The girl ran her fingers through her hair, unaware that her hands were drawing the hues of an early summer sun through each strand. Glancing down she saw the tresses that had fallen forward over her shoulders, each one now coloured a different golden shade than the next. She laughed. It was not a mocking laugh, an uncomfortable chuckle, or the giggle of some one amused. It was a pure outcry of unhindered joy; a song of happiness sung to an unwritable melody.

At that very moment – almost as though it were reacting to the sound – the garden parted in front of her, revealing a small pool of crystal clear water. She looked down and covered her mouth with her hands in amazement. She could not help but stare into the reflection of her own softly tanned skin and freckle-framed eyes; deep green as though they had mirrored the grass amongst which she stood.

As she moved her hands away from her face she caught sight of her red lips, immediately curling them into an unconscious smile. She stepped closer to the pool, unsure of herself but filled with an emotion to which she could do no justice with words. Her clothes were no longer grey but a brilliant white, shining almost like the light that had first enticed her. As her mind brushed past the memory of where she had come from, she remembered her singular possession.

The paper bag rested at her feet, still without colour of its own. The girl silently scolded herself for her carelessness, unable to fully ignore her ever-present burden. She reached down just as two thick vines emerged, quickly and silently, from amongst the foliage of the garden. They snatched away the solemn grey bag, carrying it high into the trees. Her newly coloured hand reached out helplessly after it, such was the power that it still held over her. Fearful eyes followed it carefully as it rose amongst the leaves of the upper canopy. Its distance from her was startlingly unfamiliar, and strange new questions began to form in her anxious mind. She could not help but wonder what would become of the bag, or of her.

The bag had stopped in its ascent. New vines emerged from places unseen, reaching out to uncurl the tightly folded edge that held the top of the bag closed. The girl could only stand and stare as the garden carefully lifted an object from inside, letting the bag fall from the trees. It fluttered and broke apart, more brittle that it had been in her possession, as though useless without its contents. Tiny grey pieces fell to the ground like ash. She barely noticed, focussing on the object that the garden tightly held.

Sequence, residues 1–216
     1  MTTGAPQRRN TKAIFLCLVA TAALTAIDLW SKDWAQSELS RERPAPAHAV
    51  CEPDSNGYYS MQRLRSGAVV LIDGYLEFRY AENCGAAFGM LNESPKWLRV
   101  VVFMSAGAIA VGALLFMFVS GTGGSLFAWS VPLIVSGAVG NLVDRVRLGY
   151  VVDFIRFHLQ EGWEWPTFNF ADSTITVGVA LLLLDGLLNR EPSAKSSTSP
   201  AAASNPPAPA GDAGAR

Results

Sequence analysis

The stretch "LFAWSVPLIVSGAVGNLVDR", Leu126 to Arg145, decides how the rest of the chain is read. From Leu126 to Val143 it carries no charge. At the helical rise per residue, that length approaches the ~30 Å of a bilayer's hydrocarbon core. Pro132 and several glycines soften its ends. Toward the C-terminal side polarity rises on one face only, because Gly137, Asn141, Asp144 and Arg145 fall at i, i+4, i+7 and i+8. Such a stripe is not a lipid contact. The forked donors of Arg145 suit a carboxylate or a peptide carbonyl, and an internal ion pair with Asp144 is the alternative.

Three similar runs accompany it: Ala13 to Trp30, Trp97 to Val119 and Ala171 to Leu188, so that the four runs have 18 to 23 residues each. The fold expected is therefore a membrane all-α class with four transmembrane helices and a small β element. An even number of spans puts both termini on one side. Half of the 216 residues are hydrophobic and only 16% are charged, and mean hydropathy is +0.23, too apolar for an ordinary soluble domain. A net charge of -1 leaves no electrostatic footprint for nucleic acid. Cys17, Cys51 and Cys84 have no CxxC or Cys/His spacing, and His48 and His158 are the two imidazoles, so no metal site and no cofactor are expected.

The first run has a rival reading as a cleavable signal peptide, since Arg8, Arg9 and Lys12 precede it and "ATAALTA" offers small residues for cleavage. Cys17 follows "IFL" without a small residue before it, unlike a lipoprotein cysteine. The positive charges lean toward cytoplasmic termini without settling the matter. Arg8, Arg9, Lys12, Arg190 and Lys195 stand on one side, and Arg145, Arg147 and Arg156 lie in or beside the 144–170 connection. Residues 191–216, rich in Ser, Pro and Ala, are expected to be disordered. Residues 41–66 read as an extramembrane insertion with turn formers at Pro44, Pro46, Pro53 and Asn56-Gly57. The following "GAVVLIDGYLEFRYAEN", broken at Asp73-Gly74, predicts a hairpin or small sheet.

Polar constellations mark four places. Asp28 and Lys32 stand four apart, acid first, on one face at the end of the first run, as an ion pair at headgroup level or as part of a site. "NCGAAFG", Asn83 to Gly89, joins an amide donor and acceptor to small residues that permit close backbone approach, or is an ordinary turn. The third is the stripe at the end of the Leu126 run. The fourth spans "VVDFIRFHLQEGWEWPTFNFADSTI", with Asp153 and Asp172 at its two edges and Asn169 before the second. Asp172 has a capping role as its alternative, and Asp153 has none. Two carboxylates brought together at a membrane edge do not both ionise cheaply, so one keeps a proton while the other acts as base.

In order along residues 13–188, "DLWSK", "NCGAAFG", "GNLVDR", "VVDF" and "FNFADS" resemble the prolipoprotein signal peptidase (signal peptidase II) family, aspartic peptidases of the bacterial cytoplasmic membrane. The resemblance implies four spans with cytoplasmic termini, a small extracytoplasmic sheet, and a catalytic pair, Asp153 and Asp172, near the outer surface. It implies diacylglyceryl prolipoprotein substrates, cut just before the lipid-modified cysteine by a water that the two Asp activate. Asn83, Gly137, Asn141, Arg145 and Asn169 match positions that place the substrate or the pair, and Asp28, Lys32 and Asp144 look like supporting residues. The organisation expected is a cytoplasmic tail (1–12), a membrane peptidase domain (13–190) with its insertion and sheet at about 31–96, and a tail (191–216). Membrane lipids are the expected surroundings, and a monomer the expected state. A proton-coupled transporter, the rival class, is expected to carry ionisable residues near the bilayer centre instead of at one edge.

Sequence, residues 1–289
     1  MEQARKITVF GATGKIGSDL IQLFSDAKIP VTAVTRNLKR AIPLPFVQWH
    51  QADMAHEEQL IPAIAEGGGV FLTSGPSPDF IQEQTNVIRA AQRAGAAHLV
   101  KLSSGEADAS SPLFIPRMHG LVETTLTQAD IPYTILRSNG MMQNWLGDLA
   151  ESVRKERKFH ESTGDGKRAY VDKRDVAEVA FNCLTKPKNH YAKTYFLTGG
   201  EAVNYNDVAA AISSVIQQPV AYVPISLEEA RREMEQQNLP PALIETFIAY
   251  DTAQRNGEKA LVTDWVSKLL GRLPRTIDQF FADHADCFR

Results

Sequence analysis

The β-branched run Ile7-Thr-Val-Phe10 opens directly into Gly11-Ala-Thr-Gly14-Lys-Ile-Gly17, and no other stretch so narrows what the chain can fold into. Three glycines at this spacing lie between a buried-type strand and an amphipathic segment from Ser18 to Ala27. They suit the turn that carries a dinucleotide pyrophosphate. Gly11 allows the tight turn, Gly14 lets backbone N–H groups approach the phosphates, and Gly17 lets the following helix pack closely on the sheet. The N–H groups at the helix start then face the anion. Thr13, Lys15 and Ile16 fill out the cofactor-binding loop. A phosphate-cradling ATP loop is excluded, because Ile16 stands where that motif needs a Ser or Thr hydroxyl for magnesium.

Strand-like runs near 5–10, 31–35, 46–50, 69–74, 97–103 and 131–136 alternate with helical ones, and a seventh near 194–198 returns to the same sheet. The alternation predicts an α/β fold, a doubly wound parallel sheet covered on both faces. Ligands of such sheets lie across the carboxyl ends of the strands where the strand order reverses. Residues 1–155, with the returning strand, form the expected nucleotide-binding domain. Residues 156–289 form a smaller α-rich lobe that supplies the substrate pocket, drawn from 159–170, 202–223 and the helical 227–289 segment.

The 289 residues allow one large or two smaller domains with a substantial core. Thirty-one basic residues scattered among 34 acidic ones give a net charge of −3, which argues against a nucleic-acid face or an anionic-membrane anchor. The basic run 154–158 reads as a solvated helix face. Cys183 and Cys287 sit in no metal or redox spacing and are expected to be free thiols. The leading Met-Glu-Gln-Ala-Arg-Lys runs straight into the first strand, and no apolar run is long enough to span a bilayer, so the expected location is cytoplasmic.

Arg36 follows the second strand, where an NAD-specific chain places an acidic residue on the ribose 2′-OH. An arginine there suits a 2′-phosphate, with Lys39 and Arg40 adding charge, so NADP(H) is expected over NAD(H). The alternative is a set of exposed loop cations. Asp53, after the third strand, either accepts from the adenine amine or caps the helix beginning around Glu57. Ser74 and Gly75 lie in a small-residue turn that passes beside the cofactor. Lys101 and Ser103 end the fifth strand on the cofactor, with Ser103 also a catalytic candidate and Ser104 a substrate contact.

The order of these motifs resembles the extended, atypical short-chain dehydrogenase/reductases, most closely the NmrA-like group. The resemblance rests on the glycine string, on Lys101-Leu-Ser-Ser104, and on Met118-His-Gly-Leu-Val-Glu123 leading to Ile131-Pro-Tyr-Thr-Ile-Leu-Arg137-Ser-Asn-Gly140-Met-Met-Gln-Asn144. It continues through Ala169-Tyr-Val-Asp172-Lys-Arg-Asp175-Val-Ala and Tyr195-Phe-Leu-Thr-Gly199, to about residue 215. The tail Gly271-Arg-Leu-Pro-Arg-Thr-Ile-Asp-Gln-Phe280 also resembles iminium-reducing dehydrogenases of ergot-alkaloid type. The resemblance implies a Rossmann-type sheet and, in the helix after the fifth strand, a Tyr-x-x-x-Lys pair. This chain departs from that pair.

The perfectly round stone was about the size of a fist. It was almost black, but smooth – reflecting no light from its immaculate and featureless surface. Fear swelled in the girl’s chest, her hands trembling and heart aching as she gazed upon it.

The stone was her sadness.

The simple stone – suspended like a black hole among the garden – was everything she felt but would not face. She had kept it close while trying to forget it even existed. Covering herself in a shroud of darkness and shutting out everything had been the only way to ignore the one thing she could never leave behind.

The garden felt her pain. Slowly and gently, it lowered the stone to rest upon the whitest of flowers; a large lily that floated on the water at the centre of the clear pool. All the other flowers grew around it, conscious of the sadness it contained. The girl knelt in the grass and gazed out toward it longingly, but this time she understood.

The time had come to acknowledge her pain. She respected and understood the darkness and it would not consume her, nor would she be scared of it any longer. Finally at ease, she laid her head down in the soft grass and closed her eyes. This was the rest she had longed for. Here there was a place for the stone; a place where it could take its place among the world. Not forgotten, but neither dwelt upon. It could ruin this place. It was a part of her, and she knew that. Now it was a part of the garden.

Her garden.